by Tony Fannin, president, BE Branded
Everything swings from left to right and back again until it settles into a balance. For example, a few years ago Six Sigma was all the rage. Everything had to be lean engineered until the rock bled. It was the same thing with new technology and all of the web ads and banners. Almost everyone was going to make millions of dollars just by having a cool web site and charge thousands of advertisers fees to place ads on their site. All other forms of marketing was considered a dinosaur. In business and marketing, such drastic swings are to be expected. Everyone is looking for the quick fix or the newest “killer app” (especially if it’s free or cheap) or trying to something (ROI) for little or nothing invested.
Time has a way of balancing things out. Common sense and logic usually wins out in the end. Once the rush of the next cool thing has died down, true marketing principles re-emerge and everyone gets back to solid marketing basics. The real winners are those who still do the “blocking and tackling” as well as executing the cool and innovative. In a recent study, the Interactive Advertising Bureau has released findings for online revenue. Here’s what they found:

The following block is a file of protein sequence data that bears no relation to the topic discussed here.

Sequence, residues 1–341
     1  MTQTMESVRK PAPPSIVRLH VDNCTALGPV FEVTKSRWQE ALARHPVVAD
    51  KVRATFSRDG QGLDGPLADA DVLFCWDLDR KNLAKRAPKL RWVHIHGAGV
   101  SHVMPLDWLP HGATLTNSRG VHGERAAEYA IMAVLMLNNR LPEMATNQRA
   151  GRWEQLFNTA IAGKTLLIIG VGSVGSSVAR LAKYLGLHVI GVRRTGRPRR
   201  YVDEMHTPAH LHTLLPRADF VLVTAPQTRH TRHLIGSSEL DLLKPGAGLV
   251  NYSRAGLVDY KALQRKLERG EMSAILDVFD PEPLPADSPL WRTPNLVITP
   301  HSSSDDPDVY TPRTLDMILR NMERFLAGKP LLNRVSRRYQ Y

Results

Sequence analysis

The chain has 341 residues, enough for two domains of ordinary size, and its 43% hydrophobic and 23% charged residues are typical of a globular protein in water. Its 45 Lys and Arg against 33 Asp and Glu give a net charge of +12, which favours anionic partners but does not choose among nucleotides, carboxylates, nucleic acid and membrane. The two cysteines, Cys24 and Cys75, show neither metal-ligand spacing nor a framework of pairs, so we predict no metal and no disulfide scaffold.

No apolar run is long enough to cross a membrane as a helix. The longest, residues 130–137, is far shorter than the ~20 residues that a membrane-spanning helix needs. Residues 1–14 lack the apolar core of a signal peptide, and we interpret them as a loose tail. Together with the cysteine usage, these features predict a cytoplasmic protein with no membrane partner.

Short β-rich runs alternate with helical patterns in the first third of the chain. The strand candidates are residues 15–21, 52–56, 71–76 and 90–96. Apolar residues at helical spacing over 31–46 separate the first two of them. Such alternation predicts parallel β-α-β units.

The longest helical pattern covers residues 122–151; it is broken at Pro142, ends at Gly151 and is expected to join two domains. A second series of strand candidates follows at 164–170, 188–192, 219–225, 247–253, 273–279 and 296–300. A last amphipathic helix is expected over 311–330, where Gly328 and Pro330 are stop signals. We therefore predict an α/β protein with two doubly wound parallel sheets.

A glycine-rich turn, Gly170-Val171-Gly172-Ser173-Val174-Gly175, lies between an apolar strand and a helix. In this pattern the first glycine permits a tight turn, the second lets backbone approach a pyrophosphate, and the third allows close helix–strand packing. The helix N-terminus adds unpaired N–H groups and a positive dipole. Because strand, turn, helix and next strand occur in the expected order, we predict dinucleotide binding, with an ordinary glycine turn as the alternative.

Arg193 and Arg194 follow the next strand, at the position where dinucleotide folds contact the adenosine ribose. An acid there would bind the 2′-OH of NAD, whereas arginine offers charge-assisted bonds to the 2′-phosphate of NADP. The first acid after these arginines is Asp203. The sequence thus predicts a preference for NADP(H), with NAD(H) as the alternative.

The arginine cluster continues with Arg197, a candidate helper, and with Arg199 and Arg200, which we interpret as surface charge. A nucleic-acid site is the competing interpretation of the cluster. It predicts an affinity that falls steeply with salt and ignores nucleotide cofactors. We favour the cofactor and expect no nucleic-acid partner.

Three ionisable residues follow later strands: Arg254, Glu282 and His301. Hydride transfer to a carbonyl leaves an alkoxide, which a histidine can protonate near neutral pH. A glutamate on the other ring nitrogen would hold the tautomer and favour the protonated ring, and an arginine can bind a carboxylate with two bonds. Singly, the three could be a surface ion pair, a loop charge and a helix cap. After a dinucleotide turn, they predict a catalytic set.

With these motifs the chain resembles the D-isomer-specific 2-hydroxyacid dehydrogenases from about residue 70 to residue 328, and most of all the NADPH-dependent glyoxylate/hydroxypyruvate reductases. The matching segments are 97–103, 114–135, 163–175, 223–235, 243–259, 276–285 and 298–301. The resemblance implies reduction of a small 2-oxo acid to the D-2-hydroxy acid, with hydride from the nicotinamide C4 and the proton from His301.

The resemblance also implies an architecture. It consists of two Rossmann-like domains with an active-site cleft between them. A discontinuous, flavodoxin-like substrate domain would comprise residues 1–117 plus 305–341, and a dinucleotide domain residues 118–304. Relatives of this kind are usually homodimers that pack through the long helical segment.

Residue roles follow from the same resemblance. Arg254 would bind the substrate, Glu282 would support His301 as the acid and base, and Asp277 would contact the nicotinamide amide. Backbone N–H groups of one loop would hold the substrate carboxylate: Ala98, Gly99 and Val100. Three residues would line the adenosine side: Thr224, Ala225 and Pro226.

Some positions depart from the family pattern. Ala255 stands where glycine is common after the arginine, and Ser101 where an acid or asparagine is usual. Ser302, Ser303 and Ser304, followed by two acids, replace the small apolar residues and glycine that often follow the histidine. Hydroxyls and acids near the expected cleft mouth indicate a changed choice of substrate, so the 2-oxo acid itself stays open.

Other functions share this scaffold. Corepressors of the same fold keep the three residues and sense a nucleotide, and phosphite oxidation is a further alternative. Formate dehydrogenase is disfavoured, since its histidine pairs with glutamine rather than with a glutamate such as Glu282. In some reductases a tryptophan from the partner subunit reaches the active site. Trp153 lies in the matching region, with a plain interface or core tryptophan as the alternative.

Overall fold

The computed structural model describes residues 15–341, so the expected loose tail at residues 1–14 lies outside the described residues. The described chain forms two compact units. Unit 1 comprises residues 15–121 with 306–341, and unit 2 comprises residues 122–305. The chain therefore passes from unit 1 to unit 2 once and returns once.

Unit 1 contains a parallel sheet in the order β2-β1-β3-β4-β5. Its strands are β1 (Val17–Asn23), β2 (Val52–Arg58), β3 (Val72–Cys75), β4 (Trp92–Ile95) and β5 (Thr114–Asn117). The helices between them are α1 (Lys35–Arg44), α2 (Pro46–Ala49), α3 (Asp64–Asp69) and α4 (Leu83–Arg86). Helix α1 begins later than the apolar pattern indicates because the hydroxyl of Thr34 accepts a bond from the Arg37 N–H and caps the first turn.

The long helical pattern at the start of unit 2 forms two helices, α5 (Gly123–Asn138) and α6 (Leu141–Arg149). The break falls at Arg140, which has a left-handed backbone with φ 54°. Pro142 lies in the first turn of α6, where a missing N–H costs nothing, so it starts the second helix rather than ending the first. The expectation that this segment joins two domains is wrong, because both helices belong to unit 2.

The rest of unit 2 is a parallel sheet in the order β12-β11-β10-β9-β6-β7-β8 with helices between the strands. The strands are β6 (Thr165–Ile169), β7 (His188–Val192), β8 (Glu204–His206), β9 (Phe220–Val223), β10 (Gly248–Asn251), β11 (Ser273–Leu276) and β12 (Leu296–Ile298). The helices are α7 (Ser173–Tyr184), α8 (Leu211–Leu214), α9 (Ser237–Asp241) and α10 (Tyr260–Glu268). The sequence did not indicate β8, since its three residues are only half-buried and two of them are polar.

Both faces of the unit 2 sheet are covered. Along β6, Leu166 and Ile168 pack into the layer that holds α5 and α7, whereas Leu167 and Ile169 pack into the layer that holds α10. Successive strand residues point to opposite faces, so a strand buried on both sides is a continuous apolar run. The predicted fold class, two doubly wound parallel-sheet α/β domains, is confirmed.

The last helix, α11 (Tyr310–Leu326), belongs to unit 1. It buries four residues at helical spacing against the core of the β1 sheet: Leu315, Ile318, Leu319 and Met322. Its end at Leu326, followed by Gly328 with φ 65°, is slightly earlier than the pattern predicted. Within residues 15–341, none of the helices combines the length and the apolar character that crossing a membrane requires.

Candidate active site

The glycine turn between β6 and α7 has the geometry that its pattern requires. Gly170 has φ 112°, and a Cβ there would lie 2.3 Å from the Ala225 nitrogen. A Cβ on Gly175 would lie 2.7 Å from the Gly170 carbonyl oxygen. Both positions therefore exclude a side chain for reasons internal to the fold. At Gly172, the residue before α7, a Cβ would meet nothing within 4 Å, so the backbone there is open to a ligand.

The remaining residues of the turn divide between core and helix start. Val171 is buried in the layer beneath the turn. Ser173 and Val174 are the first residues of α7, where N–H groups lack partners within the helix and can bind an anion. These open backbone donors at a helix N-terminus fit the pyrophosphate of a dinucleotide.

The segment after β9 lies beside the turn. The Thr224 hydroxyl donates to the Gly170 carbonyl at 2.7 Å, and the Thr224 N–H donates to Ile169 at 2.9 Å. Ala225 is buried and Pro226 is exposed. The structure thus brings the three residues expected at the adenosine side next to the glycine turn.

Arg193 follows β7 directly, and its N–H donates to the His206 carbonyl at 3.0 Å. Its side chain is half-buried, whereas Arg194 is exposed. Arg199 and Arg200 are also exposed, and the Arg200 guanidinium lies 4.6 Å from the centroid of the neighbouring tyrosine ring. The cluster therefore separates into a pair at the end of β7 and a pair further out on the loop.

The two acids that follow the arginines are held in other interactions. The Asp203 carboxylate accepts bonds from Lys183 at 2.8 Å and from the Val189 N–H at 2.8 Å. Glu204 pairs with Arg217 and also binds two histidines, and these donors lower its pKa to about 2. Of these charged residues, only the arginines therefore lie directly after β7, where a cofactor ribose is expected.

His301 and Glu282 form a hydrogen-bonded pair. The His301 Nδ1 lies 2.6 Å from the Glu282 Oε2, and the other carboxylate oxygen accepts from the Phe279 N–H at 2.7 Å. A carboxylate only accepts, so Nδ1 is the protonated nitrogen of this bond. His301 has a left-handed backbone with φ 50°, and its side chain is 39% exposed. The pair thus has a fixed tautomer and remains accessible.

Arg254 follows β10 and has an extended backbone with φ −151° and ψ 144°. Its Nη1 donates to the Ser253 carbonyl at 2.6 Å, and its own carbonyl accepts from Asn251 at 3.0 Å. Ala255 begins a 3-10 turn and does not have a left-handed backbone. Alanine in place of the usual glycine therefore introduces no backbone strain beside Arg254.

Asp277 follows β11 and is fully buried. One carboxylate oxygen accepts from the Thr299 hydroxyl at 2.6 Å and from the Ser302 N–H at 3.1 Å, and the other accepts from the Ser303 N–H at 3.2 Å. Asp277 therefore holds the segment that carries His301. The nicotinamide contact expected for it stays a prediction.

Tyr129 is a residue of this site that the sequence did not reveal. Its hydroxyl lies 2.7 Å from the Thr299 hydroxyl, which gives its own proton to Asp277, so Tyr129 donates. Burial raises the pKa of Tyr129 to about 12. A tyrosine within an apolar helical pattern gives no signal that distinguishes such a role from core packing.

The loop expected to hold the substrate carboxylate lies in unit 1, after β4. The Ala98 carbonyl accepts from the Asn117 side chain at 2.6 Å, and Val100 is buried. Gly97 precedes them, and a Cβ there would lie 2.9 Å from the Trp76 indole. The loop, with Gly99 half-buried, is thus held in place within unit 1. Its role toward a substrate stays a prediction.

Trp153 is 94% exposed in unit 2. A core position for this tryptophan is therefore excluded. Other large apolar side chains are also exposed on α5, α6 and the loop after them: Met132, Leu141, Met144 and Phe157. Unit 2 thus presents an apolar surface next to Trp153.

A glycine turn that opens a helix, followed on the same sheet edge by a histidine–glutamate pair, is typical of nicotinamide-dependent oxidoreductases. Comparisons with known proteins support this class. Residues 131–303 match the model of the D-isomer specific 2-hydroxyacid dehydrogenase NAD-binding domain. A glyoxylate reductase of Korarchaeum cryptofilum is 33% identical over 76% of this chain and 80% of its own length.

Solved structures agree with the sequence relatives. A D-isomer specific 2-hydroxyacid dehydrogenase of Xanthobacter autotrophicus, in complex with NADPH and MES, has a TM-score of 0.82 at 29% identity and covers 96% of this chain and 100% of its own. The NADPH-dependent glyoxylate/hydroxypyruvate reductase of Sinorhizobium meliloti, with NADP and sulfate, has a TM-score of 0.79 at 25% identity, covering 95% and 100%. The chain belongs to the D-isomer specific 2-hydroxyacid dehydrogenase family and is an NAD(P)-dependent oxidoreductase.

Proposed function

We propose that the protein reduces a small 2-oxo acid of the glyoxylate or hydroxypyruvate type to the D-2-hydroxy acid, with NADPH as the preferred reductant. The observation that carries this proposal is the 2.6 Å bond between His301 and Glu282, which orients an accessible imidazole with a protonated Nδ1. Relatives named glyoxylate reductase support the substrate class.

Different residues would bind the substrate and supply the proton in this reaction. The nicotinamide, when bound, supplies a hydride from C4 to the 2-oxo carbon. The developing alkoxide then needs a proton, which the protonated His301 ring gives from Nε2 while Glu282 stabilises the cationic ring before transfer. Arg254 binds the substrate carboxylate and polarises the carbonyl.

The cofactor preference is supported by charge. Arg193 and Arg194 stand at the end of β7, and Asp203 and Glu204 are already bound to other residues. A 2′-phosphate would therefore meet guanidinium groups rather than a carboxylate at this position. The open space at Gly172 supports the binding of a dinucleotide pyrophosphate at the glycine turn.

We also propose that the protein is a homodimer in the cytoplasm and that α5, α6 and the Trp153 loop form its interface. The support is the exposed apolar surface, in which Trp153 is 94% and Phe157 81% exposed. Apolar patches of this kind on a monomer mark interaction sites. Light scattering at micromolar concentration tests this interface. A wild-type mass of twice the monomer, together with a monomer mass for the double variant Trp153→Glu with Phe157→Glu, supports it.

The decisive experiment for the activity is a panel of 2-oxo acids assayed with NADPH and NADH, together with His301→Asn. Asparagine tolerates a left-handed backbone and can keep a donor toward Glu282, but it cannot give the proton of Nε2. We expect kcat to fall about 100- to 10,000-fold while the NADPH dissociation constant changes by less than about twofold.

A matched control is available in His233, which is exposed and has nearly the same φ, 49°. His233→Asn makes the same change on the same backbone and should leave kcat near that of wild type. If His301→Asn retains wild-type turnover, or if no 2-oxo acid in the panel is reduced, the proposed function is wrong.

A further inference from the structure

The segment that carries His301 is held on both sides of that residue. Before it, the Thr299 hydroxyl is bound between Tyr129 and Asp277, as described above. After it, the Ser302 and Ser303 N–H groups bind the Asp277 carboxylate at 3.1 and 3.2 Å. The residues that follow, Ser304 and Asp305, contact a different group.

• Online revenue has dropped 5.3% from 2008
• Display advertising is down 1%
• Online classifieds and directories are down 38%
The bright spots:
• Search revenue was up 2%
• Time spent on social networking has tripled (*Footnote – though people spend time on these sites, no one yet, has been able to figure out how to monetize this category. It’s hard to be a business when you give away everything. (See my blog “The point of social media is not to sell anything”)
Smart, experienced marketers still understand that there is no “killer app” or silver bullet. Great marketing comes from smart, innovative, integration of all of their marketing arsenal. This creates momentum from one tactic to another. A well, thought out marketing plan creates great synergy between their individual tactics that builds the brand. Online advertising is an important component, but it’s not the be-all savior of the marketing world. It’s like saying, what’s more important, your arm or your leg?